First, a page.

Hundreds of thousands mass on May Day in pre-election Russia
Hundreds of thousands took to the streets in May Day demonstrations across Russia on Sunday, most showing support for the Kremlin while others held Arab-style opposition rallies.
Anti-Kremlin protesters were greatly outnumbered by pro-government demonstrators mobilised by the ruling United Russia party and Kremlin-friendly trade unions, which claimed a turnout of two million people.
Russia is gearing up to hold parliamentary elections in December followed by presidential polls next March in which both President Dmitry Medvedev and Prime Minister Vladimir Putin are considering running.
While analysts say the victory of a Kremlin candidate is all but assured, there are signs of growing discontent with the authorities.
Analysts say it remains unclear whether Russians are prepared to take to the streets in huge numbers for protest rallies as most lost their taste for street politics during the turbulent post-Soviet years.
Crowds waving balloons, flowers and blue and red flags gathered in cities from the Pacific port of Vladivostok to Moscow in carefully-choreographed rallies reminiscent of the Soviet era when May 1 was one of the most venerable holidays celebrating international socialism.
While calling for better social security, most expressed support for Kremlin policies. The ruling party said some 25,000 people turned up in Moscow alone to support it with slogans like “People! Medvedev! Putin! Together we are a force!”
Several thousand opposition supporters of all hues gathered separately to protest against Kremlin policies.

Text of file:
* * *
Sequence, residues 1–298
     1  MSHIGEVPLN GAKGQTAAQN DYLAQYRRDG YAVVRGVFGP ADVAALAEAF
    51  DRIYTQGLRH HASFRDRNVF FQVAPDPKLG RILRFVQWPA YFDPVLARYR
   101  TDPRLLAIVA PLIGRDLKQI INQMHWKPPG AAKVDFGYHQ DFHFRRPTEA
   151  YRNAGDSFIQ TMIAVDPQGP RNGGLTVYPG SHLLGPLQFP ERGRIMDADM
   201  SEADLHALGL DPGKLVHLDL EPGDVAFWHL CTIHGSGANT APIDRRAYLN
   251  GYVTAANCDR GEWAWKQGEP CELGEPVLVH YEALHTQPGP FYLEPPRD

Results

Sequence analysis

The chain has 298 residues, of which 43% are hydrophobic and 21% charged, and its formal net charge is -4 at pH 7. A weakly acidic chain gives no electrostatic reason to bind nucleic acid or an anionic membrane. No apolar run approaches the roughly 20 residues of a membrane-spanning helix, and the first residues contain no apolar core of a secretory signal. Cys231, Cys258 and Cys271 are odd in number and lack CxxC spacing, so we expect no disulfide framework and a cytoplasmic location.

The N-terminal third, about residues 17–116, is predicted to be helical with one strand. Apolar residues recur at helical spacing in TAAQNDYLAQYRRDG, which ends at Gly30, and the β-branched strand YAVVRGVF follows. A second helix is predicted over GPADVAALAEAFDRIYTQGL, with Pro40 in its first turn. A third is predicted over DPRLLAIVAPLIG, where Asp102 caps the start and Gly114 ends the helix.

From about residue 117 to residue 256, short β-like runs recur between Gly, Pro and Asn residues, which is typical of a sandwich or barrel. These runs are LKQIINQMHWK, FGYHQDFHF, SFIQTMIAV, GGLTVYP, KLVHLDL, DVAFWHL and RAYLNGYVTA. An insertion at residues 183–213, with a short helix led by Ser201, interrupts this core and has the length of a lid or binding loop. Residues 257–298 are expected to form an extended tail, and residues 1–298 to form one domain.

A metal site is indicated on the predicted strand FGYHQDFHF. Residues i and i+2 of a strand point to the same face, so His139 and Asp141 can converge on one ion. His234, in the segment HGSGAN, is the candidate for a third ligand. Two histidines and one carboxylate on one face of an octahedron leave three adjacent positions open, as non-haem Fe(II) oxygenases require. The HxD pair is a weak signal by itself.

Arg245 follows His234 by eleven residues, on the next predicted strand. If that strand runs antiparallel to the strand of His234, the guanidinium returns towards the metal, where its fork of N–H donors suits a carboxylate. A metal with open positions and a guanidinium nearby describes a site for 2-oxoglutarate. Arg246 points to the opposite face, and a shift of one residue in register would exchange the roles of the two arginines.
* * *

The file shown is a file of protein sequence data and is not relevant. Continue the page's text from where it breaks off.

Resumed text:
In central Moscow, the Left Front leftist activists urged Russians to follow the example of the Arab world and turn against their leaders.
The activists chanted: “Whether Cairo or Moscow, only through fighting will you obtain rights!” and “Tandem to the scrapyard of history” — referring to the duo of president and prime minister.
The protesters also sported a banner reading: “Throw down the tandem” and depicting Putin as the Madonna holding his “child” Medvedev.
On the same square in central Moscow around 30 Syrians gathered to express solidarity with pro-democracy demonstrators back at home, holding banners in Russian and Arabic that read: “Freedom to Syria from despotism” and “Stop the siege of Syrian cities.”
Opposition supporter Ivan Petrenko said he was glad scores of people came to support the opposition in Saint Petersburg, the ruling duo’s hometown.
“It means we are waking up,” he told AFP. “It means Putin and Medvedev’s government is on its last legs.”
Analysts however say the Russian opposition is fragmented and unlikely to muster an uprising that could sweep the ruling duo from power.
The government, which is regularly criticised for violently dispersing opposition rallies, also appears keen to show the country enjoys freedom of assembly.
Sunday’s relaxed atmosphere at the pro-government rallies contrasted sharply with riot police’s violent dispersal of opposition demonstrations in recent months.
While the country’s older generation embraces May Day for sentimental reasons, many said they were under pressure to join the rallies.
In remote Vladivostok, where many residents entertain anti-government sentiments, more than 50,000 people participated in demonstrations organized by the regional government and led by United Russia.
School teacher Veronika Fyodorova told AFP she had been made to join the rally.
“If your bosses tell you “you have to,” then you’d better heed that wish,” Fyodorova told AFP in Vladivostok.